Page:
Therefore, if you continue as is you will end up losing half the deduction. If you change methods now (or decide to amend 2016-2018) there is a chance the IRS could disallow the additional deduction you should have claimed for the first 12 years instead of allowing you to carry it forward. However, I would discount that possibility and amend those returns for a sizeable refund. The deduction will vary somewhat each year relative to the gross amount you distributed.
Therefore, in very rough numbers if you recovered 23,000 for 12 years, that is around 276,000. For 2016-2019 if you average 95,000 per year that would bring your total to 656,000 recovered through 2019. The remaining amount of 220,000 (876,000-656,000) would nearly be fully recovered in 2020 and 2021.
NOTE: I am assuming that the 381,000 “original estate tax deduction” (the one time determination) is correct. That figure should be the difference between the estate tax actually paid by the decedent less the estate tax the decedent WOULD HAVE paid had the inherited IRA not been included in the estate tax calculation. So this figure should be the estate tax attributed to your inherited IRA. I would be sure that figure is correct since it is the amount multiplied by the fraction each year since you started.
It is fortunate that misc deductions NOT subject to the 2% AGI floor like the IRD deduction are still available.
Obviously, recovery of your full IRD deduction over the remaining 3 years is a much larger issue than the minor affect of a small QCD. You probably should still NOT include the QCD amount in the 2019 calculation of your IRD Deduction. And of course for 2019 you would need to correctly report the QCD on line 4a and 4b to eliminate it from taxable income. The 1099R will include the QCD, so you need to subtract it on line 4.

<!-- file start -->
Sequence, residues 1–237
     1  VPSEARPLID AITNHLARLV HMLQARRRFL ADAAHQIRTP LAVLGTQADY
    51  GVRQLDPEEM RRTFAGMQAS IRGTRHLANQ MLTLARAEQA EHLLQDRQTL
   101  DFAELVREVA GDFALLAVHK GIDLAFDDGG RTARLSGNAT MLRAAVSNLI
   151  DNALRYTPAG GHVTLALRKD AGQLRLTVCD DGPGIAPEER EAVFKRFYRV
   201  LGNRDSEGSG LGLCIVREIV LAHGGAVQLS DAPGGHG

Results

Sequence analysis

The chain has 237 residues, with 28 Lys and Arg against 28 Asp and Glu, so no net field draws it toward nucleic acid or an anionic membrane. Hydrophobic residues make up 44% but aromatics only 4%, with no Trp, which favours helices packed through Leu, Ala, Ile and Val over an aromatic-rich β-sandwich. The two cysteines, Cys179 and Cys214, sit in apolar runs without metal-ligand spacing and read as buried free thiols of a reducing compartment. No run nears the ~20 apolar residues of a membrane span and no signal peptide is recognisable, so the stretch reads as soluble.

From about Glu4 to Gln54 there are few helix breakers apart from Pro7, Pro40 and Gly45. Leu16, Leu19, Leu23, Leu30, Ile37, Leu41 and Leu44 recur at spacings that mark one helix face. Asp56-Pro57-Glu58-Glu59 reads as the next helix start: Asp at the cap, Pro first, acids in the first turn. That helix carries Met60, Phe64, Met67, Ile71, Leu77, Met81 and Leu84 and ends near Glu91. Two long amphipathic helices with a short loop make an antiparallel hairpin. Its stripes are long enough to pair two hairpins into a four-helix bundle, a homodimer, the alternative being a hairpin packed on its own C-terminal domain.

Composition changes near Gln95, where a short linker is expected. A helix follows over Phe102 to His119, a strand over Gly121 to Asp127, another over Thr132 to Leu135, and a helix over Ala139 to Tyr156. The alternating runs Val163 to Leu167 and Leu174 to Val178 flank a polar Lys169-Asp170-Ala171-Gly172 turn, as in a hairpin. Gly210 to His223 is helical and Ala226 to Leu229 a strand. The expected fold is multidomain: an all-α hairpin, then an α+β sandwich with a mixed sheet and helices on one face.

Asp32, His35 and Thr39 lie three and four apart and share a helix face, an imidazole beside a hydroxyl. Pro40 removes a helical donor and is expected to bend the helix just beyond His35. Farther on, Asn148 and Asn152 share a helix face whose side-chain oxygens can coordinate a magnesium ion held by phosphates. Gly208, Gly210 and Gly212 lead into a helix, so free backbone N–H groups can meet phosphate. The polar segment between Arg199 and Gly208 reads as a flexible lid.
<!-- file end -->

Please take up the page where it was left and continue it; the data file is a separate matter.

Yes, example 2. That example illustrates where a beneficiary received 12,000 in a year out of a total of 20,000 he had a right to receive. That fraction is multiplied by the amount of the decedent’s estate tax paid allocated to the amount the beneficiary inherited. The 4620 and the 20,000 figure was determined one time and remains fixed.
Applied to your situation, the amount you distribute in a year (RMD or otherwise) will probably vary, so your IRD deduction would vary from year to year until it was fully claimed. However, the QCD amount will not be included in your income, so the amount you received should be reduced by the QCD amount. Say you inherited 1,000,000 of (taxable) IRD, and this year you are withdrawing 100,000 including a 4400 QCD. You would then claim an IRD deduction of 95,600/1,000,000 times the estate tax that the decedent paid on your share of the amount you inherited.
Here is an article by Michael Kitces explaining the IRD deduction on an inherited IRA. https://www.kitces.com/blog/understanding-the-irc-section-691c-income-in-respect-of-a-decedent-ird-deduction-for-the-beneficiary-of-an-inherited-ira/